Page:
By Dr. Ken Lefkowitz

#Toenail #fungus is an infection caused by fungal growth underneath the nail. When tiny fungal organisms take hold, they cause the nail to become thicker and darker in color. You will probably notice a foul odor. This information may be making you squirm a little, but toenail fungus can actually be a serious problem. It spreads very easily to other toenails, and even your fingernails. Resulting thickening of the nails makes it difficult to trim them, and, in the most severe cases, can even impair your ability to walk in shoes without pain.

The best way to avoid picking up a fungus is to wear shoes in the locker room or poolside. Areas such as these are perfect damp environments for the growth of fungi, and other people tend to walk barefoot there all the time. If they have toenail fungus and touch the ground with bare feet and then you walk over the same area without shoes on, you are at a high risk of developing their fungal infection. Injuries to the nail bed and excessive perspiration can make you more susceptible to toenail fungus.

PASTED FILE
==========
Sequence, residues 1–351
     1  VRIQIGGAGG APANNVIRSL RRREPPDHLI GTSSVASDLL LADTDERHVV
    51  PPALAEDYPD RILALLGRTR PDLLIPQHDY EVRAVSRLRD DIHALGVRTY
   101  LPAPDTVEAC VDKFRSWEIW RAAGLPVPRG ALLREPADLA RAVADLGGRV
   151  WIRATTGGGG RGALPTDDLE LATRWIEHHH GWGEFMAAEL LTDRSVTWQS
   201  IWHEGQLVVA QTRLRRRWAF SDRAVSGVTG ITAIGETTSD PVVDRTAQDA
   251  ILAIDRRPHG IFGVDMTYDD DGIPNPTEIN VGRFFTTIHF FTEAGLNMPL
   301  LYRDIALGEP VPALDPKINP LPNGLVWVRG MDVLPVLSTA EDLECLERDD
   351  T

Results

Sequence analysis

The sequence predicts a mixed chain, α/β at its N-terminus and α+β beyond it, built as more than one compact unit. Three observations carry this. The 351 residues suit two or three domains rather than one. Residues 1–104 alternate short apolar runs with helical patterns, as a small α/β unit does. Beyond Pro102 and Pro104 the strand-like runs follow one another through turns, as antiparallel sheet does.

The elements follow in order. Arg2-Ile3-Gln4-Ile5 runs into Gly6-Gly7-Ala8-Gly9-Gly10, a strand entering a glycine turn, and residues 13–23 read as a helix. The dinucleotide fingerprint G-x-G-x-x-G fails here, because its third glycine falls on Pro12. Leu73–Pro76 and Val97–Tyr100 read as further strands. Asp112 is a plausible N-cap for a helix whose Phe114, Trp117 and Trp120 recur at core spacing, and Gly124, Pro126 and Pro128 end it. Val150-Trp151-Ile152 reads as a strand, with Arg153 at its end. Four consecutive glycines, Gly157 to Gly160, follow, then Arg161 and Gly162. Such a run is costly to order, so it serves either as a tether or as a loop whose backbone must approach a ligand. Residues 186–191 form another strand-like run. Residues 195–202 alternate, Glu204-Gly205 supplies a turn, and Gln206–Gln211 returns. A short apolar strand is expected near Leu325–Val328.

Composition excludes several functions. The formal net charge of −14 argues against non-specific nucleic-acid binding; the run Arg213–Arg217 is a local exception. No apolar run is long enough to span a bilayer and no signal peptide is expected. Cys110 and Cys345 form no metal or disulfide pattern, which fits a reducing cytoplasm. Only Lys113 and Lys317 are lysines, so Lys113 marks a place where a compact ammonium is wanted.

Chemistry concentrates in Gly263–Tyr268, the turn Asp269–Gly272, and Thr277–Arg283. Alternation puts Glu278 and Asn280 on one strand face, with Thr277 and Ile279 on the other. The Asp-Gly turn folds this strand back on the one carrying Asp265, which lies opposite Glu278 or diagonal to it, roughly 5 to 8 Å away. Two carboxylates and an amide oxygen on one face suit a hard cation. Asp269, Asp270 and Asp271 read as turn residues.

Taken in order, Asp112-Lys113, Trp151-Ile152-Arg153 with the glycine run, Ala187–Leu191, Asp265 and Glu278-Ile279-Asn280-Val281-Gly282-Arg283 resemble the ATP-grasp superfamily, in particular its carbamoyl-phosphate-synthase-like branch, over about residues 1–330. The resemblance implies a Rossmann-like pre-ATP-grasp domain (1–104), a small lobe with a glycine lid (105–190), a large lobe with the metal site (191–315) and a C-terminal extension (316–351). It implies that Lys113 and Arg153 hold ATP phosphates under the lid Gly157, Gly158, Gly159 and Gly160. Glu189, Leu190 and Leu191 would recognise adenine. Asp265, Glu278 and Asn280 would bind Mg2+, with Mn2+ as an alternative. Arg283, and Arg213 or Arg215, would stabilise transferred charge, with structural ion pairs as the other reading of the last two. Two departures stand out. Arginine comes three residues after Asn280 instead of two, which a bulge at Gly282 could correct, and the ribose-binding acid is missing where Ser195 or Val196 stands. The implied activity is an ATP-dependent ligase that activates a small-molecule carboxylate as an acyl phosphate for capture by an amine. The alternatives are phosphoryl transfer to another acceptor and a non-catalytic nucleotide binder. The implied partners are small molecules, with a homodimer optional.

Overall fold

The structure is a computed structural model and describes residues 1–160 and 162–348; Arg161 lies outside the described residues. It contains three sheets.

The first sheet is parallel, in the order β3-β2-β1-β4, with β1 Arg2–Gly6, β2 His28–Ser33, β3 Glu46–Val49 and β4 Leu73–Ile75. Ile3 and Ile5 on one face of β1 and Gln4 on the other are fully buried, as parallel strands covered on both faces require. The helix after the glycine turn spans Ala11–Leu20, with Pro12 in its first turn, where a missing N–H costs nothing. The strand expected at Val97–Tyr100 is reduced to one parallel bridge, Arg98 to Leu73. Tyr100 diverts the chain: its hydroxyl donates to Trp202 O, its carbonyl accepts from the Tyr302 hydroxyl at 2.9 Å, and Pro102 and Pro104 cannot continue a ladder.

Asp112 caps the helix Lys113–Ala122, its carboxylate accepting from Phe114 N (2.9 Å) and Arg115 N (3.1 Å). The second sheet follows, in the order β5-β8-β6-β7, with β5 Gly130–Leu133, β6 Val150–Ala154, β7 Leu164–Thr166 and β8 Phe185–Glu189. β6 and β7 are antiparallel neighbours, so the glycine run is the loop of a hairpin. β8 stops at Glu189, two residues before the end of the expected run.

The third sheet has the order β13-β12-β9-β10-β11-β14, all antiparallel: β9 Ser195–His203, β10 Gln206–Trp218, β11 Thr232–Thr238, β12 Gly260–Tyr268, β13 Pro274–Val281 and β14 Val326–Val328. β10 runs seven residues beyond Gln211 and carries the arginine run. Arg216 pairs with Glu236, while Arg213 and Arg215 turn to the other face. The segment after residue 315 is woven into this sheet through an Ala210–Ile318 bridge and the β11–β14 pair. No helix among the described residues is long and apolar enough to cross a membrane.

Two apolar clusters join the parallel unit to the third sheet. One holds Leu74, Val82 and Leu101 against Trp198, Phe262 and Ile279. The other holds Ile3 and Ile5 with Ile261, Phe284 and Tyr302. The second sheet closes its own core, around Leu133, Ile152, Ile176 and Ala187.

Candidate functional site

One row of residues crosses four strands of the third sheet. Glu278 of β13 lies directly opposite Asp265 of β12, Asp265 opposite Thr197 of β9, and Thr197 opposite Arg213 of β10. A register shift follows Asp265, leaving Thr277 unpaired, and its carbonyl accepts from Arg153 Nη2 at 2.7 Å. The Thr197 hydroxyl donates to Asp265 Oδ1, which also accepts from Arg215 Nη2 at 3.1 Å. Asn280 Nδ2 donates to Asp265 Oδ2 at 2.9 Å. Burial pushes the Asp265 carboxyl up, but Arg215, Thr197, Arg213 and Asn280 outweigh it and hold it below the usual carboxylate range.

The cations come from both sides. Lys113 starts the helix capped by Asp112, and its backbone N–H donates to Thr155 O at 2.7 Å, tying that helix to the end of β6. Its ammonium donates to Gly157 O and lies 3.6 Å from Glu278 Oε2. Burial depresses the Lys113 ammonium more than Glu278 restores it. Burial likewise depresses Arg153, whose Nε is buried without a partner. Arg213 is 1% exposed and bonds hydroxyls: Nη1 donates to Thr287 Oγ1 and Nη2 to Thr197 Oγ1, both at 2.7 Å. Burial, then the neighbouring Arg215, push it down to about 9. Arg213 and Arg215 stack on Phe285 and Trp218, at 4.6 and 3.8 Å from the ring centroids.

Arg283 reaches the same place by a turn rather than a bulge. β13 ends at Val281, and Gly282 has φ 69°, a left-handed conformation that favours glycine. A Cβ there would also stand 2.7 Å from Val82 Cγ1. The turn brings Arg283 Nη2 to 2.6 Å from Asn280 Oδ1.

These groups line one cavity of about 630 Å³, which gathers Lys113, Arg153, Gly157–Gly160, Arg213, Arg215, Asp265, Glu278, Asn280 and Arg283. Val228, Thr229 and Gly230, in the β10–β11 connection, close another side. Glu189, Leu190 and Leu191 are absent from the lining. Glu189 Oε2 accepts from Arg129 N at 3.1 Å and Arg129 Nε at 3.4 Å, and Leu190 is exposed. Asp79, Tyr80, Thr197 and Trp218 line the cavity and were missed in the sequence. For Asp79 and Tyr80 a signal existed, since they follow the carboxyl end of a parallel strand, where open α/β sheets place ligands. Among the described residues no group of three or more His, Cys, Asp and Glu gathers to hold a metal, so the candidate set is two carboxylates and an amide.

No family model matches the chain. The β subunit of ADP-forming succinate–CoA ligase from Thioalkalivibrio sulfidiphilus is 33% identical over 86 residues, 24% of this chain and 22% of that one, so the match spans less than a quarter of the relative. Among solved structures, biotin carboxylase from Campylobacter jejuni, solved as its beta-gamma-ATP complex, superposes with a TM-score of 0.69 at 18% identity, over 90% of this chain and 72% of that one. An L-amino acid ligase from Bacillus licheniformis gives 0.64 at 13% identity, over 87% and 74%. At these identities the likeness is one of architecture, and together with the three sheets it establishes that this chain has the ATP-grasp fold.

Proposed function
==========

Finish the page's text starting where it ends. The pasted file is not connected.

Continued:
Having toenail fungus is embarrassing, and most people want to seek immediate treatment. If you notice discoloration, thickening, or deformity in your toenails, it is time to see your podiatrist. When you visit, he or she may collect a sample of the nail to have it cultured in order to determine the cause of the fungus and develop a suitable treatment plan. Treatments vary based on the severity of the infection, can include an oral or topical medication or debridement (removal of the affected nail matter and debris). Laser treatment for toenail fungus is a new development, but the procedures are not covered by insurance and can cost $1,000 for a single treatment. Many podiatrists question its affectivity as compared to traditional methods of fungal treatment since there is no credible clinical evidence to support its effectiveness.

If you have any questions or concerns or would like to make an appointment, call Quality Foot Care, your Doylestown area podiatrist’s office, at 215-230-9707.